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Business management July 2, 2024

Exclusive brokerage and organizational performance in market crises

Graph chart showing analytics on blue background
Our guiding question was this: how does crisis affect the link between brokerage and firm performance?

Crises are “sudden, unexpected, and massively disruptive” events.[1] Crises, such as financial meltdowns, terrorist attacks, disease outbreaks, wars, or other episodes in which “society and normal operations are interrupted” [2] raze established opportunities, while also creating new ones. A clear though untested implication of a large body of network theory is that brokers are especially well-suited for the extreme conditions of change, scarcity, and uncertainty that abrupt, “fast-burning” crises bring about.[3] In such conditions, as industry dynamics destroy old priorities, brokers appear positioned both to navigate the resulting uncertainty and to cultivate the best opportunities.[4] Since brokerage positions offer early access to diverse perspectives as well as autonomy in exchange relations,[5] it’s easy to imagine occupants of such positions moving more flexibly than their peers to safe havens when crises erupt. Unlike firms trapped in tightly intertwined networks, brokers appear poised to see their network-based advantages amplified, not weakened, in exigent circumstances.


Together with Nghi Truong, an ESMT Berlin alumna now on the faculty of Sasin School of Management, alongside scholars at INSEAD and City University of Hong Kong, we sought the test the foregoing intuitions. Our guiding question was this: how does crisis affect the link between brokerage and firm performance?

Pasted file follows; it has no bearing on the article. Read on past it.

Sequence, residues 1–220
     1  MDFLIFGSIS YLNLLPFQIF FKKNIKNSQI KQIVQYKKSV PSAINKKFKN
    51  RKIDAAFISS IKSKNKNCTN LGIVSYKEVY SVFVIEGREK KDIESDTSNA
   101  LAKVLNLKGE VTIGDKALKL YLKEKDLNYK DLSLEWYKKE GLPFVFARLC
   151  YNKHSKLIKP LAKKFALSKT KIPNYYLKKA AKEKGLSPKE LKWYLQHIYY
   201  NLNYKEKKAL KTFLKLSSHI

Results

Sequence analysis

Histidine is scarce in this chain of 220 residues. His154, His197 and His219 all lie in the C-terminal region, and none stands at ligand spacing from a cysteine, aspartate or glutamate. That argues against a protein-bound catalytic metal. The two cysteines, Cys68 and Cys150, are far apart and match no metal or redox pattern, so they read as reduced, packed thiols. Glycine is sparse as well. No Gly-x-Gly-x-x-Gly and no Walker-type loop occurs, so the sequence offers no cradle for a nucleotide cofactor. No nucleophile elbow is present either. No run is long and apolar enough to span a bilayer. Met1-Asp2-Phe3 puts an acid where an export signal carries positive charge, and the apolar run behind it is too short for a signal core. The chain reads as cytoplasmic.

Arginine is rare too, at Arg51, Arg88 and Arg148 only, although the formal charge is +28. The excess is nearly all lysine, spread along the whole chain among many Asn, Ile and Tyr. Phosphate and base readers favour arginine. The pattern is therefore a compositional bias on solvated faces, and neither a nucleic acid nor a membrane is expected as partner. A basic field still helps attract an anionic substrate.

Our team took the bursting of the bubble as an experiment to study the impact of crisis, examining the consequences for internet-active investment banks after crisis hit. We analyzed data on U.S. equity public offerings from 1985 to 2006, focusing on the equity market, which was significantly impacted. We distinguished between firms acting as uncontested hubs in hub-and-spoke networks (“exclusive brokers”) and firms lacking these differentiated network positions. If you’re an exclusive broker, like J in the network diagram below, you can recombine the best ideas and opportunities from otherwise disconnected collaborators, such as D and E. Importantly, you can do so without having to contend, as K does, with other, “shadow brokers” – A, B, and C – who might also wish to integrate these ideas and opportunities. If you’re an exclusive broker, you’re comparatively free from diffuse competition – not unlike a wolf unencumbered by foxes salivating over the same prey. 



Our quasi-experimental analyses yielded findings that both converge with and diverge from a long-standing body of network theory. On the one hand, our finding that the crash of 2000 amplified the favorable effect of brokerage on future performance agrees with a portrayal of brokers as especially well-suited for the suddenly imposed scarcity and uncertainty of crisis conditions.[6] On the other hand, the result that, in this episode, only exclusive brokerage translated into substantial advantage is aligned primarily with very recent work highlighting the potential benefits of monopolistic access to structural holes.[7] Returning our J vs. K contrast, it’s the open triangles of exclusive brokerage, rather than the diamond-like structures of shared brokerage, that confer advantage in crisis.


The latitude afforded by exclusive brokerage is especially helpful, we found, for navigating to a safe haven amidst crisis. Legg Mason, a global asset management firm (recently acquired by Franklin Templeton), offers a striking example of this successful navigation: Legg Mason’s exclusive brokerage position expanded vividly in the wake of the crisis, and its year-over-year performance in turn increased by more than 20%.